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Thyroid Cancer after Chornobyl: Increased Risk Persists Two Decades after Radioiodine Exposure

Valerie J. Brown

Valerie J. Brown, based in Oregon, has written for EHP since 1996. In 2009 she won a Society of Environmental Journalists’ Outstanding Explanatory Reporting award for her writing on epigenetics.

Environ Health Perspect 119:a306-a306 (2011). [online 01 July 2011]

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During the 1986 Chornobyl nuclear accident, the then-Soviet republic of Ukraine was hit hard with iodine-131 fallout. Since then, numerous studies have demonstrated a relationship between I-131 exposure from Chornobyl and thyroid cancer risk. Much of the published research, however, has relied on grouped radiation dose estimates rather than individual estimates of radiation exposure. Now a new study using measurement-based individual dose estimates has shown the risk of developing thyroid cancer after I-131 exposure persists two decades later [EHP 119(7):933–939; Brenner et al.].

The U.S. and Ukrainian authors studied 12,514 individuals who in 1986 were under 18 years of age and living in one of three Ukrainian oblasts (states) contaminated with I-131 fallout from Chornobyl. The individuals’ I-131 exposure from the Chornobyl accident had been estimated using individual radioactivity measurements taken within two months of the accident, interview data, and ecological models of the fallout pattern. The study participants also were screened for thyroid cancer and other thyroid diseases a total of four times between 1998 and 2007. The current study did not include people who had been diagnosed with thyroid cancer during the first screening examination (1998–2000).

Exceedingly high radiation levels are measured in a village in Zhytomyr Oblast six months after the Chornobyl accident.© Igor Kostin/Sygma/Corbis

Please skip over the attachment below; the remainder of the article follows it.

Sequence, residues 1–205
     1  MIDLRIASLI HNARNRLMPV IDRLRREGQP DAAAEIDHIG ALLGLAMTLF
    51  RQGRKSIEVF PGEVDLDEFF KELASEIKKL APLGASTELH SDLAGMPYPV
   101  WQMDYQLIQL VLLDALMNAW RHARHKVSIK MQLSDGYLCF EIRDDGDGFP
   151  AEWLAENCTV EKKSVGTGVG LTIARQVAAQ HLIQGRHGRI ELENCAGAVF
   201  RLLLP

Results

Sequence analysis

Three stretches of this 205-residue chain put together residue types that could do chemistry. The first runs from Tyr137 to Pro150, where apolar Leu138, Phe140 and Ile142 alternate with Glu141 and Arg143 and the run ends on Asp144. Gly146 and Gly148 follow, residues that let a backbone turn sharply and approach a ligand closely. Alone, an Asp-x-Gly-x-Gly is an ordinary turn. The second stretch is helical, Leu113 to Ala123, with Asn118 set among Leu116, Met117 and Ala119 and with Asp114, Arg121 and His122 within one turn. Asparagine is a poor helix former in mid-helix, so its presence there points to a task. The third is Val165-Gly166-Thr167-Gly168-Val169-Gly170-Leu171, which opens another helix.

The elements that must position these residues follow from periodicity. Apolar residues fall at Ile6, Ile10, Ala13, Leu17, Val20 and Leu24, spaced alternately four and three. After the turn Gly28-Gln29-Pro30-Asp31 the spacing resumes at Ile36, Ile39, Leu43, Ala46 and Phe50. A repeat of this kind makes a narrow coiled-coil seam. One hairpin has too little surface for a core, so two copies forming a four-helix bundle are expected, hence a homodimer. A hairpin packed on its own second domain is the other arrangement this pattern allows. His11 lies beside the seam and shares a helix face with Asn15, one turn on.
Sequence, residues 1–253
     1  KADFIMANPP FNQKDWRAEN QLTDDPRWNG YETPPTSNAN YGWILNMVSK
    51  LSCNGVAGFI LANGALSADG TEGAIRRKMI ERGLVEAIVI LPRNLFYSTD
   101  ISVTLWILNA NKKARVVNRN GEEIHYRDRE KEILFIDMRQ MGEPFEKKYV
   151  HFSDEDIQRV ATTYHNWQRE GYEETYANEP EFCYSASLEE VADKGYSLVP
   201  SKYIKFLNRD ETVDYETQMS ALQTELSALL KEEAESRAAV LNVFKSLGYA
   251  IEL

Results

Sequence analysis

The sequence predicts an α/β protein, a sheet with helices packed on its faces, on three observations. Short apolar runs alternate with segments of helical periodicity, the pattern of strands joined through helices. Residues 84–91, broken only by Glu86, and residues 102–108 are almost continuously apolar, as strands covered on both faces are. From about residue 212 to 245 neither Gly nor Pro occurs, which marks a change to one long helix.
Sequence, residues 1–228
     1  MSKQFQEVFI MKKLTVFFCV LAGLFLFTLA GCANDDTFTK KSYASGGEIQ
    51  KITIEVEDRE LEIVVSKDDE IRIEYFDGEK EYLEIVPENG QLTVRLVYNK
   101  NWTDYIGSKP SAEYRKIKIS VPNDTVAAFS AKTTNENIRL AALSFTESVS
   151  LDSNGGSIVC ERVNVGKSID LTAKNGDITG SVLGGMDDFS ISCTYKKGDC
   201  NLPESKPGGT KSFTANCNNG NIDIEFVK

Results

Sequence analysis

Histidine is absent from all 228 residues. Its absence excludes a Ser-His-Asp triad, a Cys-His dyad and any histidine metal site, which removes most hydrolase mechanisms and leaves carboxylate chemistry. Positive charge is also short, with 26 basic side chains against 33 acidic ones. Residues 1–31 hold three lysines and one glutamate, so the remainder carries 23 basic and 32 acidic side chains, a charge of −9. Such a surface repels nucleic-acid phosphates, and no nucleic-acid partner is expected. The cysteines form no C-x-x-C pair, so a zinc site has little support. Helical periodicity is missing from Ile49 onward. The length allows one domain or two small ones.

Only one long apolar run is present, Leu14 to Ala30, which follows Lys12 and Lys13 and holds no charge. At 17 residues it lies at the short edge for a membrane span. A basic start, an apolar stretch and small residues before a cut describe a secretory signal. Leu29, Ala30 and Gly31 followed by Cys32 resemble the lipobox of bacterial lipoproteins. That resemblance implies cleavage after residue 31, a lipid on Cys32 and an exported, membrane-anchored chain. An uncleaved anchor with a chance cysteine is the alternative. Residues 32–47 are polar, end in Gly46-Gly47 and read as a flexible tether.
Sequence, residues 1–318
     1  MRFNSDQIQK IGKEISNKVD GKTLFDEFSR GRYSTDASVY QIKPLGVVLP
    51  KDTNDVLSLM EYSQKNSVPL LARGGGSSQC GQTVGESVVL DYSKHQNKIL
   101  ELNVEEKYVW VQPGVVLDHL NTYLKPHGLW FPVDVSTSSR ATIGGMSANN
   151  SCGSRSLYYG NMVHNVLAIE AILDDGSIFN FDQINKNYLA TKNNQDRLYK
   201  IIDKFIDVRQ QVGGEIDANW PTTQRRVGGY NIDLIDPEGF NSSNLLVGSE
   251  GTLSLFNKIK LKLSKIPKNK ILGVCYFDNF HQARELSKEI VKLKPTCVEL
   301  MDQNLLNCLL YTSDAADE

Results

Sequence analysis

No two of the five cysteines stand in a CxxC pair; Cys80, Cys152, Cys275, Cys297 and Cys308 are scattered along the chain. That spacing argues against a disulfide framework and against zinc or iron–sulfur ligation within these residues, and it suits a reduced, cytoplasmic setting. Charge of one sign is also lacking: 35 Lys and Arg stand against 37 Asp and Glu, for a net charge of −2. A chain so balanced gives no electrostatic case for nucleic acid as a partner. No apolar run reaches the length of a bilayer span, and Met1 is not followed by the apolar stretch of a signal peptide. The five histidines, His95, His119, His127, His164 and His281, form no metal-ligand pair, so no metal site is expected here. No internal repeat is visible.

Exceedingly high radiation levels are measured in a village in Zhytomyr Oblast six months after the Chornobyl accident.

© Igor Kostin/Sygma/Corbis

Sixty-five people in the cohort were diagnosed with histopathologically confirmed thyroid cancer after the first screening examination. Statistical analysis indicated the dose response was linear and that the estimated risk of thyroid cancer almost doubled for every Gray (a unit of absorbed radiation) of exposure. There was no reduction in the estimated radiation risk over time. Estimated risk varied significantly by oblast of residence. It also rose with younger age at exposure, and females were at a slightly increased risk over males, as were people with benign thyroid conditions such as diffuse goiter. However, none of these differences were statistically significant.

An earlier analysis of pooled data on external irradiation and thyroid cancer in other populations suggested the increased risk associated with radiation peaked 15–19 years after exposure but was still apparent 40 years later. It is unknown whether long-term effects of I-131 on thyroid cancer risk follow a similar pattern. The study’s comprehensive and detailed analyses strengthen existing evidence relating I-131 exposure and thyroid cancer risk; additional followup of this cohort is necessary to more accurately describe excess risk by time since exposure.

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